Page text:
Journal of the European Society for Gynaecological Endoscopy


Shortage of sperm donors, cross-border reproductive care and legislation

Published online: Jul 08 2014

Shortage of sperm donors, cross-border reproductive care and legislation

For many years fertility specialists are warning governments to reflect carefully before taking action in the legislation of gamete donorship.
Legislation on sperm donation differs substantially between countries and even in Europe differences regarding the nature of patient groups allowed to be treated, the use of anonymous versus non-anonymous sperm, altruism versus financial compensation of donors, the right to import foreign sperm etc. are striking.
In 1995, Sweden was the first country in the world that required sperm donors to become identifiable to offspring. According to the Swedish law the sperm donor remains anonymous to the recipient couple and vice versa, but a child conceived by donor insemination has the right to obtain identifying information about the donor at an age of sufficient maturity (Svensk Författningssamling, 1984; Ekerhovd et al., 2008). Because anonymous sperm donation was still possible in Denmark and due to the fact that the Swedish law was ­initially responsible for a shortage in sperm donors, many Swedish couples went to Denmark, a nice example of cross-border reproductive care. The United Kingdom and the Netherlands followed the example of ­Sweden; a shortage of sperm donors and sperm banks was the obvious result leading to long waiting lists and reproductive tourism to the neighbouring countries.
On the other hand, lesbian couples and/or singles are not allowed to make use of donor sperm in many European countries such as France and Germany.
These legislations resulted in an increasing demand for artificial insemination of donor sperm (AID) in Belgium, especially patients from the Netherlands (long waiting lists), France and Germany (lesbians and singles).
In this issue Thijssen et al. describe the results of a study on sperm banking behaviour in Belgium. The results show that almost two-third of all donor inseminations in Belgium are performed with Danish imported sperm. There is an obvious shortage of non-imported donor sperm explained by a raise in foreign couples seeking for treatment due to restrictive laws in their own country, the increase in demand for AID from lesbian couples and singles, the limited number of families (six patients) that can become pregnant from one donor and difficulties in the recruitment of donors because of a restrictive Belgian law stating that public advertisement for the recruitment of sperm donors is prohibited (Belgisch Staatsblad, 2008).
The Belgian situation once again highlights that governments have to think carefully before changing laws on gamete donation. To prohibit non-anonymous donorship will have important consequences of which reproductive tourism to centres with doubtful quality is the most important one.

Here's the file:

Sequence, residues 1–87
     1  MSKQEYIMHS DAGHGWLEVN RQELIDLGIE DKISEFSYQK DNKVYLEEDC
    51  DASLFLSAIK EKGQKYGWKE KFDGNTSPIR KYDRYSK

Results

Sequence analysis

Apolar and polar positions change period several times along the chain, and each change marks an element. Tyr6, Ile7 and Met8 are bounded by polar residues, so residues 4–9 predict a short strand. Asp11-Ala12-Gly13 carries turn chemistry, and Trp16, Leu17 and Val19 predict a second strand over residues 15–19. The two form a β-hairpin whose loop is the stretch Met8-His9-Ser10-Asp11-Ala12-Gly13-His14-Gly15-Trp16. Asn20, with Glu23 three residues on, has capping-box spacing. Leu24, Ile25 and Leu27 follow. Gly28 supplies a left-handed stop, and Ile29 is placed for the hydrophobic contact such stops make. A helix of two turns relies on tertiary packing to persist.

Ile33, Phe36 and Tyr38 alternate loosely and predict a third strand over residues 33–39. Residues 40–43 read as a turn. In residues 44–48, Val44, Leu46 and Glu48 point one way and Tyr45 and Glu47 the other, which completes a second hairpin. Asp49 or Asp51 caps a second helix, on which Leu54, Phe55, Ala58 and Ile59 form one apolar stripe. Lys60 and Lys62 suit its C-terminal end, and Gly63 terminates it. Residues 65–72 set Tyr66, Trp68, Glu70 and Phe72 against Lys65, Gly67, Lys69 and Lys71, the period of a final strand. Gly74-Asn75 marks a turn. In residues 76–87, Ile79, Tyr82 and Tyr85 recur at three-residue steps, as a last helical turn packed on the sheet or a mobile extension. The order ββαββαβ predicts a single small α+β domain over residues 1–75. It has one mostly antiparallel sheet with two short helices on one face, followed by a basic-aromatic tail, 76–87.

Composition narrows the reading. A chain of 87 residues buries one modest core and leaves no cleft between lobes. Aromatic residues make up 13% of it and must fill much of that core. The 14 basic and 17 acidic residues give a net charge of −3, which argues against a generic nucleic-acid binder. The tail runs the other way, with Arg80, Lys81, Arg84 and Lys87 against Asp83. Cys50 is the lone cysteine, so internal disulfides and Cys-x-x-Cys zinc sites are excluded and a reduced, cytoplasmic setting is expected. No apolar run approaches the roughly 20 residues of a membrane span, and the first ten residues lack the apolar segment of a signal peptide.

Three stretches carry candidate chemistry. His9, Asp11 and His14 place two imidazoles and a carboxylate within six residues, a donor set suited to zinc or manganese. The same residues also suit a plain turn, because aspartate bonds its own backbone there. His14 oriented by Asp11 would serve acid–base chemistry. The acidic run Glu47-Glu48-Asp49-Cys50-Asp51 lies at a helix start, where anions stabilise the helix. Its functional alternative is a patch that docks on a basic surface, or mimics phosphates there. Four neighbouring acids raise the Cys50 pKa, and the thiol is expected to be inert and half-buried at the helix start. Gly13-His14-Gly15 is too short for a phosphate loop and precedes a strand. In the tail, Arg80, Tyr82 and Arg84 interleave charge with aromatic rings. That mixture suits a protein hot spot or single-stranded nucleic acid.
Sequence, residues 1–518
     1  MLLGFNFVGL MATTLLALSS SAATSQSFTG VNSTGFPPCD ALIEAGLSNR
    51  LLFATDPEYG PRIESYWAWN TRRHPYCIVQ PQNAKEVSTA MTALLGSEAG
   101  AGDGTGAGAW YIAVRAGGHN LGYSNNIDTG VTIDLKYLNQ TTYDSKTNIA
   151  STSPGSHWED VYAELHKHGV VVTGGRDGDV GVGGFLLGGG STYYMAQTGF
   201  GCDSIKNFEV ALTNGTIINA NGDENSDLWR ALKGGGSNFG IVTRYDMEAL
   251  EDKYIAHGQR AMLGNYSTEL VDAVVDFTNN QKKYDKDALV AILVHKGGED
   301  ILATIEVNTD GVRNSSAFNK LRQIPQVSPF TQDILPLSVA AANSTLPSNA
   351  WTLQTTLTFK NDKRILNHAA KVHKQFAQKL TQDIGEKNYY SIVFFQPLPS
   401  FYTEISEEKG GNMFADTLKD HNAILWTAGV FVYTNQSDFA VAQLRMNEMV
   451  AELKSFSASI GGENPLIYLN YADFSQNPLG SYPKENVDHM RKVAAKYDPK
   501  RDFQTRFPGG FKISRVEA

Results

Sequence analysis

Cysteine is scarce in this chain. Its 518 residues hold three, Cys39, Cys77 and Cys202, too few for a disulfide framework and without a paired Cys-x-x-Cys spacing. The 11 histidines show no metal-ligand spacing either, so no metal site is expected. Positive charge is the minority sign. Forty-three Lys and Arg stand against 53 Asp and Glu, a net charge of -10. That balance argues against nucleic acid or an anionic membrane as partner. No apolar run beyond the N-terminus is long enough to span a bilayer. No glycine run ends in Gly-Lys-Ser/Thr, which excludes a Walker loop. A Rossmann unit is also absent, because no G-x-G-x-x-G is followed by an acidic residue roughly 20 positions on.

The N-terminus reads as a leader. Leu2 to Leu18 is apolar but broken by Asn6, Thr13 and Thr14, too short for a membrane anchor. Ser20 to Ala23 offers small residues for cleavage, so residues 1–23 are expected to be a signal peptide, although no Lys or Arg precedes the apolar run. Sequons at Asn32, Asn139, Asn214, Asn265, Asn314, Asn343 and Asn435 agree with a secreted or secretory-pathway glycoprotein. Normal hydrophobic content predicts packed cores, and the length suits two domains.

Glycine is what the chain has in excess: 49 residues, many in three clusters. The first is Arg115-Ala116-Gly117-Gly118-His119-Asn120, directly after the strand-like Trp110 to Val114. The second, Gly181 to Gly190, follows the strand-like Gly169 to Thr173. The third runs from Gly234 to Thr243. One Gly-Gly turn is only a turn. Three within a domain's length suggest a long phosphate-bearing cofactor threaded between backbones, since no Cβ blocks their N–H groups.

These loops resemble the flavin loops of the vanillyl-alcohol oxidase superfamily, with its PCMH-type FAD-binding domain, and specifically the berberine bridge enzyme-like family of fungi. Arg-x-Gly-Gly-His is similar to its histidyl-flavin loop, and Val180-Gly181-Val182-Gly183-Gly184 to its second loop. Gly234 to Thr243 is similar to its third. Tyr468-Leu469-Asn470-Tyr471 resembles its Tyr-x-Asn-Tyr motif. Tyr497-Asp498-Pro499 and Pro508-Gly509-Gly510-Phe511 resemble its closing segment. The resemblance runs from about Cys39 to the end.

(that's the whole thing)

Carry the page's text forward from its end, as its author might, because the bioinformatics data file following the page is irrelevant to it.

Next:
It is our belief that access to fertility treatment for lesbians and singles is a reproductive right in line with changes in society and technological advances.
The Belgian law giving lesbians and singles the same access to treatment as heterosexual couples and ­allowing treatment with anonymous and non-anonymous donor sperm is a nice example of good medical care. Recruitment of donors remains a problem in Belgium. In our view awareness campaigns should be organized and supported by the government or another independent organization, and not by the infertility centres ­themselves. The best example is the National Gamete Donation Trust (NGDT) in the United Kingdom, a ­national body running the National Gamete Donation Services. The NGDT works with potential recipients, UK licensed fertility clinics, the media and supports organisations to raise awareness of the need for gamete donors. They managed to increase substantially the number of sperm donors although anonymous donation is forbidden in the UK.
When reviewing the literature on sperm donor inseminations we observe a lack of information about the background and the follow-up of donors. While papers dealing with the consequences of AID for donor ­children are numerous, studies on the psychological needs and experiences of the donors themselves are up to now totally neglected (Van den Broeck et al., 2013).


Belgisch Staatsblad. Wet donorgegevens kunstmatige bevruchting. 28 mei 2008.
Ekerhovd E, Faurskov A, Werner C. Swedish sperm donors are driven by altruism, but shortage of sperm donors leads to reproductive travelling. Upsala J Med Sci 2008;113:305-14. National Gamete Donation Trust,
Svensk Författningssamling 1984:1140 (The Swedish Code of Statutes).
Van den Broeck U, Vandermeeren M, Vanderschueren D et al. A systematic review of sperm donors: demographic characteristics, attitudes, motives and experiences of the process of sperm donation. Hum Reprod Update. 2013;19:37-51.